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US soldier Bergdahl held by Taliban charged with desertion

US Army soldier Bowe Robert Bergdahl, who was freed last year after being held by the Taliban for five years, was formally charged with desertion and misbehaviour before the enemy on Wednesday, US officials said.


He faces a maximum sentence of life in prison if convicted. An initial hearing is set for April 22, his lawyer said.

Bergdahl, 28, was released in June last year in exchange for the release of five Afghan detainees from Guantanamo Bay.

A former military official told the New York Times that Bergdahl slipped away from his base near the Afghan border with Pakistan, leaving a note saying he had become disillusioned with the army and the war in Afghanistan.

A US Army investigation conducted in the months after Bergdahl’s disappearance found that he left his post deliberately, an official familiar with the probe told CNN soon after his release.

Bergdahl disappeared on June 30, 2009, and was the first US soldier to be captured in Afghanistan since the US-led invasion of 2001.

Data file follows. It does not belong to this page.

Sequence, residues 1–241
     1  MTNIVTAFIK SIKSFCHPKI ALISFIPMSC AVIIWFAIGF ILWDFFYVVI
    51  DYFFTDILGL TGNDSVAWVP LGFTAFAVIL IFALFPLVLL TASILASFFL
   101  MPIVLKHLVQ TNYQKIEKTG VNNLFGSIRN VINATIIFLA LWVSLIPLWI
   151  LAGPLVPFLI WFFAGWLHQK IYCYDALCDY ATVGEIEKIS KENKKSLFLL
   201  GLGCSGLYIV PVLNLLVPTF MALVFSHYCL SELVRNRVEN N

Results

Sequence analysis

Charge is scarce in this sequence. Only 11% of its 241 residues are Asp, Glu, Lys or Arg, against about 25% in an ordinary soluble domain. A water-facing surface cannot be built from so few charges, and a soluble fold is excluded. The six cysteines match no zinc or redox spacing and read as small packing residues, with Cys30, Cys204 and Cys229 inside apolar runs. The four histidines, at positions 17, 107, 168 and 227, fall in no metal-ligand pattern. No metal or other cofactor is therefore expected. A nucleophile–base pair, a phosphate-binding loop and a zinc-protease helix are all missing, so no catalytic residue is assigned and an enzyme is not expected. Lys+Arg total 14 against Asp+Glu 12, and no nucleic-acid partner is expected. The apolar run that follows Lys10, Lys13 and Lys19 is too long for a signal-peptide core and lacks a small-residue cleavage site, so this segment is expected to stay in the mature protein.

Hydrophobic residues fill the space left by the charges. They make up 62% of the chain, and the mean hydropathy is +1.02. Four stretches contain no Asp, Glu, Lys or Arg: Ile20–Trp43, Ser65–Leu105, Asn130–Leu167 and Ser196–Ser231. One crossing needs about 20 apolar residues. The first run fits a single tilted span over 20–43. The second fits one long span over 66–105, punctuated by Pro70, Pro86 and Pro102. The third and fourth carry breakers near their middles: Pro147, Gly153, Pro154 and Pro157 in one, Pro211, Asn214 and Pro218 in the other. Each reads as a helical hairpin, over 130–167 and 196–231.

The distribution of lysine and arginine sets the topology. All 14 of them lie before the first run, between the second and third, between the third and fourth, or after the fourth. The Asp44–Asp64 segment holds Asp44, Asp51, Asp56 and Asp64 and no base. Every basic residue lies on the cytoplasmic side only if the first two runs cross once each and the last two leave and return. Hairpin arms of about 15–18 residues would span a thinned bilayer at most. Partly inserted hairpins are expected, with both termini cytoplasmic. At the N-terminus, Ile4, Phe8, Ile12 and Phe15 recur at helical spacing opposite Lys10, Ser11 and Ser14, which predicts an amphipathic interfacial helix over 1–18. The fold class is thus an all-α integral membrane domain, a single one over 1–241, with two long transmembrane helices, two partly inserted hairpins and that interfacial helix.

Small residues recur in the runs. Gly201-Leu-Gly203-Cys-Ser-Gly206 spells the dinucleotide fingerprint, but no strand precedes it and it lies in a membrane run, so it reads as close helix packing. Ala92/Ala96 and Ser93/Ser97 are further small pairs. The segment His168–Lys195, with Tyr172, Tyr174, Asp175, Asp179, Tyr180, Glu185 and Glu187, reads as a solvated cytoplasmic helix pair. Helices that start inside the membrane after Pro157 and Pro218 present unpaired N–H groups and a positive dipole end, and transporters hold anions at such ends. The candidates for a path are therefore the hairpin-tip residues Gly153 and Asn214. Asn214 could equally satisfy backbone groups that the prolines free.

The Taliban released a video of Bergdahl some six months after his capture. The video features several clips of Bergdahl, 23 at the time, including one where he is in front of a carpet wearing combat fatigues, a helmet and sunglasses, and another where he is seen in grey robes with a shaved head.

"I'm afraid to tell you that this war has slipped from our fingers and it's just going to be our next Vietnam unless the American people stand up and stop all this nonsense," he said.

US President Barack Obama came under fire from Republicans who said the prisoner swap would encourage militants to try to take American soldiers or diplomats hostage.

The Obama administration has defended the deal as an attempt to save the life of a captured soldier’s whose health was thought to be deteriorating.

But the White House later apologised for not informing lawmakers of the prisoner exchange.

The chairman of the Senate Intelligence Committee, Democratic Senator Dianne Feinstein, said the White House broke US law when it failed to inform Congress of the swap.

"It comes with some surprise and dismay that the transfers went ahead with no consultation, totally not following the law," she told reporters.

(FRANCE 24 with AFP, AP and REUTERS)


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